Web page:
I know him well. He lay in the ICU bed with a concerned look. I approach and he makes eye contact. I must have looked worried because he studied me intensely. I say, Mr S, “I am sorry to see you here.”
We talk, he tells me the story. I knew the story beforehand. His chart was all bad news. He is an octogenarian (medical speak for a person in their 80’s.) Although, my office patients await, I sit, pause and present the “y” in the road. Neither way is good.
Mr S pauses and I wait. He begins: “I was drafted at age 18 to fight in WWII. They sent me to Europe with an M1 rifle. Initially, I was scared, really scared. Soon, as my friends were killed, I became angry. Angry at the situation. This made me a better soldier, as I realized that I would be killed as well. Accepting the inevitable gave me peace. Once home, I stayed in the service and was subsequently sent to Korea for 2 years. It was rough. I wouldn’t trade these experiences, but if given the choice, I would not go through them again. You know, Doc, these experiences have prepared me well for the choices I have to make now.”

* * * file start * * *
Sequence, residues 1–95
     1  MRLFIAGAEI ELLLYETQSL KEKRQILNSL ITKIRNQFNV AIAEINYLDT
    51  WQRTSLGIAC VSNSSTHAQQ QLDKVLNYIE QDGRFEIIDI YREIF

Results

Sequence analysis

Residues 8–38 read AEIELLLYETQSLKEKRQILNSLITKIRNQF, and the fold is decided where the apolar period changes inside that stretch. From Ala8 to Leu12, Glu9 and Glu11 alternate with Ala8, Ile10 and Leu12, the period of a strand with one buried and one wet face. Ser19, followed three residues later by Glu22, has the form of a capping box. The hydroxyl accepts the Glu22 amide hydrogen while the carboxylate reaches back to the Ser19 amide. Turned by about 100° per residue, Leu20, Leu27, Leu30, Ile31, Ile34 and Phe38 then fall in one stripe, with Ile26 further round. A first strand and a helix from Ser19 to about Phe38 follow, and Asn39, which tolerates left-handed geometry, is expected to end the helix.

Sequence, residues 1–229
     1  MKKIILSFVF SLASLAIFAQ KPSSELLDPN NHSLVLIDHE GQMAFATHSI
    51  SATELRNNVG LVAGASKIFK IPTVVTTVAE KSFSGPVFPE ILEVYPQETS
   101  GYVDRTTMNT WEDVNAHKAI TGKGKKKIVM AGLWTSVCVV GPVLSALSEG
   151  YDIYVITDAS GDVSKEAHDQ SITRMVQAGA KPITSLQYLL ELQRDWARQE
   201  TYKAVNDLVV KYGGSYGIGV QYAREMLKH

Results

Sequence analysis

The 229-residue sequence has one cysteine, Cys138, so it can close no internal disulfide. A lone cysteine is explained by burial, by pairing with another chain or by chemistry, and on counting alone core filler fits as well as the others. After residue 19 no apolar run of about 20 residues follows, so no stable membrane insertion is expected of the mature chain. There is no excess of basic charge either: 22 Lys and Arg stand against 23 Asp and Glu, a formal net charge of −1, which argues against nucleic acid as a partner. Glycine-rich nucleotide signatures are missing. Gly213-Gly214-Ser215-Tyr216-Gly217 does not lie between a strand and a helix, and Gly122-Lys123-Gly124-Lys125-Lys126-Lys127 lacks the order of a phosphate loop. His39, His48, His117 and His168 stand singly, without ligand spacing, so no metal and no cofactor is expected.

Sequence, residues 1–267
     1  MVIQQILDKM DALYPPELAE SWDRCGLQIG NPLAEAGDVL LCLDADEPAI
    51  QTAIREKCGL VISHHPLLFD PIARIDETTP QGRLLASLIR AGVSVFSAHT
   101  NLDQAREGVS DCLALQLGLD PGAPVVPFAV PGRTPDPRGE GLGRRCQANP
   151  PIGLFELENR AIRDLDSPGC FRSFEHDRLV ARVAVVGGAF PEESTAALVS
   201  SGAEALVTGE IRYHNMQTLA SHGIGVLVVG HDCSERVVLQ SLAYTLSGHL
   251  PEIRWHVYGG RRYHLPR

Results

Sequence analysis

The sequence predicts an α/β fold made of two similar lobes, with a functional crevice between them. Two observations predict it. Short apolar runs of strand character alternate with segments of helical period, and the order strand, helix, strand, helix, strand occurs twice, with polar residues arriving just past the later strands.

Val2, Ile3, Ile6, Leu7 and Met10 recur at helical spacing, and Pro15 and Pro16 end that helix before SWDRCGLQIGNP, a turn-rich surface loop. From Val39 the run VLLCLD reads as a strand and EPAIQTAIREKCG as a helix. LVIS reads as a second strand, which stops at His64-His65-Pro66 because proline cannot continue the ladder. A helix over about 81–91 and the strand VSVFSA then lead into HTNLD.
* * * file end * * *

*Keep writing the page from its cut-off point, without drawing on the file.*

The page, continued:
Pause, silence. I stand. I shake his hand and hold on longer than usual. “We can talk more tomorrow,-thank you” I say.
My stomach tightens a bit. A poignant moment during the rush to get hospital rounds done before the grind of the office.
I thought of our many 18 year old friends. It is hard to imagine them drafted to the Army and sent to war with an M1 rifle. Killers they are not.
Proud to be an American-for sure.